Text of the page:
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A Cure for Wellness: Style over substance

Gore Verbinski’s latest horror film is nice to look at, but lacks interest

Gore Verbinski’s latest film, A Cure For Wellness, falls into the trap of focusing so much energy on making the film look pretty, that it’s not interesting.

The film was written by Justin Haythe and stars Dane DeHaan, Jason Isaacs and Mia Goth. It is set in a surreal “wellness centre” located in the remote Swiss Alps. Lockhart (DeHaan), an ambitious Wall Street broker and the epitome of the movie banker cliché, must leave his busy life in New York to retrieve his company’s CEO from this secluded location after receiving a strange letter from him.

A Cure for Wellness sacrifices an interesting story to make an aesthetically pleasing film.

As one would imagine, there is something amiss in this hospital, as all the patients seem to be under the influence of a mind-controlling substance. As the plot advances, weird and sometimes downright ridiculous situations unfold as our protagonist looks for his business partner and, consequently, a reason to leave this unsettling place.

The main issue with this film is its lack of effective pacing and editing. The movie drags for 150 minutes and the audience can feel every second of its runtime. Nothing happens for several scenes, and the biggest scares come from the perpetual nudity of the senior patients. Suspense-building music is used in a very frustrating manner. One scene uses a 30-second musical build-up to reveal a lipstick, and I couldn’t help but chuckle at the sheer lack of competence from the film’s director.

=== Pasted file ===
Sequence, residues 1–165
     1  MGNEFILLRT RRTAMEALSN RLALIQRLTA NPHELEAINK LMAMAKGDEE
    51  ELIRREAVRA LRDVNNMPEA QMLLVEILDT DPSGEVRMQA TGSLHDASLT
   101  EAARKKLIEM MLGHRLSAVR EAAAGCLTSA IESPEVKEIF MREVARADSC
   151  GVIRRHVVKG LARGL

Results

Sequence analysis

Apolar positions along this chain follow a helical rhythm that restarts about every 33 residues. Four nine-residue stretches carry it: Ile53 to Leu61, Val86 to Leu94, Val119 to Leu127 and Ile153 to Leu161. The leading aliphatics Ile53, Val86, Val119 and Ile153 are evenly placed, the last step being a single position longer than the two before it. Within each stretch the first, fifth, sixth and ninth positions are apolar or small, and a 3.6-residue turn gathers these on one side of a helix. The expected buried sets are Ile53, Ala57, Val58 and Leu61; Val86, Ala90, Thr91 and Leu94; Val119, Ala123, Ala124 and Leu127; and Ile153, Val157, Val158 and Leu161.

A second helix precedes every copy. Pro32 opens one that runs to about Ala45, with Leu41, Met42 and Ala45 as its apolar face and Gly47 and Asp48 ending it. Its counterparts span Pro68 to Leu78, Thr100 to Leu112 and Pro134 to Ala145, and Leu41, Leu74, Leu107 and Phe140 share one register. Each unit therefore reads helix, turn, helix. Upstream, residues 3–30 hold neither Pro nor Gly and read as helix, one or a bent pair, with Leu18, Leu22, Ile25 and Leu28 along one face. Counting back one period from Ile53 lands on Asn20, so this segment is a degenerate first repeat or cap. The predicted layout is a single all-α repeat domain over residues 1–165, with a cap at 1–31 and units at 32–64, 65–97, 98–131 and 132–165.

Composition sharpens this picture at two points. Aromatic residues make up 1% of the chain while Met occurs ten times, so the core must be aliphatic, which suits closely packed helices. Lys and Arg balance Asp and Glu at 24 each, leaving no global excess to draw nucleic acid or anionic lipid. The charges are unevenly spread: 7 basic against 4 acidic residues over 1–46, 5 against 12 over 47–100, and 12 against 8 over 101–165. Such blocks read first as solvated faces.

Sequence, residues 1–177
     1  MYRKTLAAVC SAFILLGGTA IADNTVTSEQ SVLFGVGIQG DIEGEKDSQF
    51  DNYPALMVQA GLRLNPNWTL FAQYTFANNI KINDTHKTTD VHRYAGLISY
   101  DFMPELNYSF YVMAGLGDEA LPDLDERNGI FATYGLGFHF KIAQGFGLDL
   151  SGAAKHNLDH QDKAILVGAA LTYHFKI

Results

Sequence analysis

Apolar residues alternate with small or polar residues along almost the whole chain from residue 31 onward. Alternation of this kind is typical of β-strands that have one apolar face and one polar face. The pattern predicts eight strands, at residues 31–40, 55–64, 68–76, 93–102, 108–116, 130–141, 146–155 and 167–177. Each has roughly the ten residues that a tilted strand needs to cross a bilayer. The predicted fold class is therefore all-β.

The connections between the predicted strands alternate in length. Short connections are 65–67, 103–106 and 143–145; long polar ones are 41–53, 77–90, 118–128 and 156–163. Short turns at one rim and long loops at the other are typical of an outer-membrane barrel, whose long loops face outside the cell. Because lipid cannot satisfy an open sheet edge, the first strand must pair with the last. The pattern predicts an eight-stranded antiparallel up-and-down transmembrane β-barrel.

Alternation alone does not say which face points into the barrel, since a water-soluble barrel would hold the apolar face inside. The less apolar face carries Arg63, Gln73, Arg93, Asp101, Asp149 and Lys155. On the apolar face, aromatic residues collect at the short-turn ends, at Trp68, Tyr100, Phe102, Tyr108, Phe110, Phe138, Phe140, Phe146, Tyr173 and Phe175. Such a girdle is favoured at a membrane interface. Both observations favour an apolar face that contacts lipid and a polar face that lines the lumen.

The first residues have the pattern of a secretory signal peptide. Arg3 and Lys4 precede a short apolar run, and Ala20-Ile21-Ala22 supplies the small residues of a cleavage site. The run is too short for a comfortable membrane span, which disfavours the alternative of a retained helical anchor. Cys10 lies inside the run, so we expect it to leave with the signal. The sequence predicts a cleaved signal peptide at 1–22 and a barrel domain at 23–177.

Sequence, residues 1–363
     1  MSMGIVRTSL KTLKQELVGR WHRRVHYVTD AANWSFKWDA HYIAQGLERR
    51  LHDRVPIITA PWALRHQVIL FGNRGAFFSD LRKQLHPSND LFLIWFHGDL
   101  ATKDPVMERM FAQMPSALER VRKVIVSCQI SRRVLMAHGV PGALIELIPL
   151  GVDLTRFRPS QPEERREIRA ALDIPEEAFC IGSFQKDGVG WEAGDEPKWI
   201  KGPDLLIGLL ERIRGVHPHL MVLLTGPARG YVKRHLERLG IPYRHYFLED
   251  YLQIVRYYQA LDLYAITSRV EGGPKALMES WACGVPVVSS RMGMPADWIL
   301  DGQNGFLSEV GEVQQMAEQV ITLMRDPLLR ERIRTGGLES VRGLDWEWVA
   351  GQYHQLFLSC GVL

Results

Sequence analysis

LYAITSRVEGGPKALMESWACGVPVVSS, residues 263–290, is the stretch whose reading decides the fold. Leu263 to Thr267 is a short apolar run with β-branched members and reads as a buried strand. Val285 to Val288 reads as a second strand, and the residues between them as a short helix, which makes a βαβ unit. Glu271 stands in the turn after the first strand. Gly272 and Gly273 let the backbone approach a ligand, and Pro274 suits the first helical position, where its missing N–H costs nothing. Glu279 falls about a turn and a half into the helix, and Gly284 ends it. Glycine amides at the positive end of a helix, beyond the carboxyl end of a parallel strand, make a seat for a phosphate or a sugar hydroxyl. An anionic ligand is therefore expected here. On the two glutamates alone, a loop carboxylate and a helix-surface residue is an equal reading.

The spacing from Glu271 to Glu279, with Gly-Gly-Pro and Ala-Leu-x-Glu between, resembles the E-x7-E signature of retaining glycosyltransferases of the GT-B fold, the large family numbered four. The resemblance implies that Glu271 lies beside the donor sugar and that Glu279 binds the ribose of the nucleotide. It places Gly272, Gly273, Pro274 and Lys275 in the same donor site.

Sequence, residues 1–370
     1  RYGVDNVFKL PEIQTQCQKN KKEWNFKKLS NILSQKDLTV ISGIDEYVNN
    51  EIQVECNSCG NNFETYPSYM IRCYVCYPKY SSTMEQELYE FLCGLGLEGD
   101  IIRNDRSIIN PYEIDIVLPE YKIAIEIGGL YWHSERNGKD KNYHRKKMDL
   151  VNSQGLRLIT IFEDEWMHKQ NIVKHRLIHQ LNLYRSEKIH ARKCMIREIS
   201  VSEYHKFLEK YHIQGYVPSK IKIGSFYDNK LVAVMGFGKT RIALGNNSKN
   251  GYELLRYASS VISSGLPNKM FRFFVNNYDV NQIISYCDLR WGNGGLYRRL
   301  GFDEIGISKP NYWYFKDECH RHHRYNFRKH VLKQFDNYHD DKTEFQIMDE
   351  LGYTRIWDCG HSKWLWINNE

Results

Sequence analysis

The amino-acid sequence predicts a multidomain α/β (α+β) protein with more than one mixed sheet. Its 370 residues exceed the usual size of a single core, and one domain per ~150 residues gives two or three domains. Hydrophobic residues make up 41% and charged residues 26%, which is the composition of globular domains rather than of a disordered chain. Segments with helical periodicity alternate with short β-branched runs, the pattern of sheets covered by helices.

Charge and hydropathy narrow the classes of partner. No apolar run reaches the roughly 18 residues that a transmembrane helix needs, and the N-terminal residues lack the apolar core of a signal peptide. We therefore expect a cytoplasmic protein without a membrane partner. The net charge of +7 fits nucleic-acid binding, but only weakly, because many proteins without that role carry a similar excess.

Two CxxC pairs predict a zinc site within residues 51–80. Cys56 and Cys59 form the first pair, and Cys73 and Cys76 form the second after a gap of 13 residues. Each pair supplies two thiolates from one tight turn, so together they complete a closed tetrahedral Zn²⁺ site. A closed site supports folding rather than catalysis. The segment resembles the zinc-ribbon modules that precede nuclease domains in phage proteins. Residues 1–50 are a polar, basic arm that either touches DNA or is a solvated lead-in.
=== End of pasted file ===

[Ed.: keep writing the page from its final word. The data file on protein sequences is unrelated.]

Moreover, most of the film’s twists were revealed in its trailers, aside from one disturbing and unnecessary incestual subplot. There is little to no explanation for this awkward narrative device, which ends with the most unpleasant sex scene I’ve had to watch in recent memory. There is a feeling of hatred towards the viewer, and the director seems to be playing a sadistic game with his audience.

The only good aspect of the film is its artistic direction—the sets are interesting and showcase compelling visuals. Despite the loathing I have for this cinematic mess, I must recommend it for those who love poorly-executed and overly-pretentious vanity projects, as some scenes in this flick have to be experienced just for the sake of “it’s so bad it’s good” entertainment. I, on the other hand, prefer my viewing experience to be devoid of such sadomasochistic elements.

About Romina Florencia Arrieta